Enough Talk, Let's Print!

Here's the code for a complete page that implements this technique. When you click on the image, the image pops up in a temporary window, and the print dialog box pops up immediately afterwards. Whether you choose to print or not, the temporary window then closes, returning you to the original page. This works in reasonably current versions of Internet Explorer (including both 6 and 7), Firefox, and Safari. Note that some very early versions of Safari might not play along.

<title>Print Image Only</title>
function makepage(src)
  // We break the closing script tag in half to prevent
  // the HTML parser from seeing it as a part of
  // the *main* page.

  return "<html>\n" +
    "<head>\n" +
    "<title>Temporary Printing Window</title>\n" +
    "<script>\n" +
    "function step1() {\n" +
    "  setTimeout('step2()', 10);\n" +
    "}\n" +
    "function step2() {\n" +
    "  window.print();\n" +
    "  window.close();\n" +
    "}\n" +
    "</scr" + "ipt>\n" +
    "</head>\n" +
    "<body onLoad='step1()'>\n" +
    "<img src='" + src + "'/>\n" +
    "</body>\n" +

function printme(evt)
  if (!evt) {
    // Old IE
    evt = window.event;
  var image = evt.target;
  if (!image) {
    // Old IE
    image = window.event.srcElement;
  src = image.src;
  link = "about:blank";
  var pw = window.open(link, "_new");
<h1>Print Image Only</h1>
When you click on the image below, just the image should print.
And the temporary window used in the process should go away
afterwards, whether you allow the print operation to go ahead
or not.
<b>You have JavaScript turned off.</b> So this won't work.
That is to be expected.
<img src="http://www.boutell.com/boutell/images/fortune.jpg" onClick="printme(event)"/>

What If I Want To Print More Than An Image?

This article shows how to print one image on a page. But it's also possible to print something more complicated— like an entire div element.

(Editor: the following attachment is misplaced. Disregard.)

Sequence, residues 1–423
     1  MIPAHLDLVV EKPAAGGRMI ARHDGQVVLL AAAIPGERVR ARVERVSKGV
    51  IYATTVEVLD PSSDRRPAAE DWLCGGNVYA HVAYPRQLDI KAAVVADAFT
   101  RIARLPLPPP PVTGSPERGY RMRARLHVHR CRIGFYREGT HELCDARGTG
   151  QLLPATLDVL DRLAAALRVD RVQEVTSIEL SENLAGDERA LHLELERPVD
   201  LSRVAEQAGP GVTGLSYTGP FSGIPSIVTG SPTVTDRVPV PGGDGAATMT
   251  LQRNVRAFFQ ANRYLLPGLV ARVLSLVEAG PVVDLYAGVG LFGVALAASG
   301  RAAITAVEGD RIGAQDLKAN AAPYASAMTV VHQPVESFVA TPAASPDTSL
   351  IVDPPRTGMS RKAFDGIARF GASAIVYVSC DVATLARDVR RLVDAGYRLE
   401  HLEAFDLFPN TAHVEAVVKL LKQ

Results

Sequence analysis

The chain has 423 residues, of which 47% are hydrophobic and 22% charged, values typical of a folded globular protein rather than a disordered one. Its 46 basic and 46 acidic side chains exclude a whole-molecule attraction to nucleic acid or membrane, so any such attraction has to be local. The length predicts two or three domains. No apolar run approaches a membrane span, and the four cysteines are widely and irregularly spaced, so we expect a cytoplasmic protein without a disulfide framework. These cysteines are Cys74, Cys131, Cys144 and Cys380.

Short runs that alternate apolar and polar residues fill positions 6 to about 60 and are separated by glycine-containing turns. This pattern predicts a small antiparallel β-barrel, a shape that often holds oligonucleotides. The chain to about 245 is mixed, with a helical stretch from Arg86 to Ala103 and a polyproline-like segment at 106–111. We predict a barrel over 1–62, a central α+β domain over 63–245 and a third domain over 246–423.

The trick to printing an entire div is to fetch its HTML code with the innerHTML property. You can then include that HTML in the new document you build for the temporary window. It's not hard to do this - just give the div an id attribute, and pass that id attribute to your version of the printme function so that you can fetch the appropriate div.


That's it— you're ready to print only what you want to print, on demand! Just remember to provide a reasonable fallback mechanism for users without JavaScript, unless the "print one image" feature is not a crucial part of your site. Indeed, you could simply tell such users to right-click on the image and select "View Image," then "Print," and then the "Back" button. Put those instructions in a noscript element, so no one else has to read them, and you're good to go! (Mac users may need to hold their single mouse button down rather than clicking the right mouse button.)

Legal Note: yes, you may use sample HTML, Javascript, PHP and other code presented above in your own projects. You may not reproduce large portions of the text of the article without our express permission.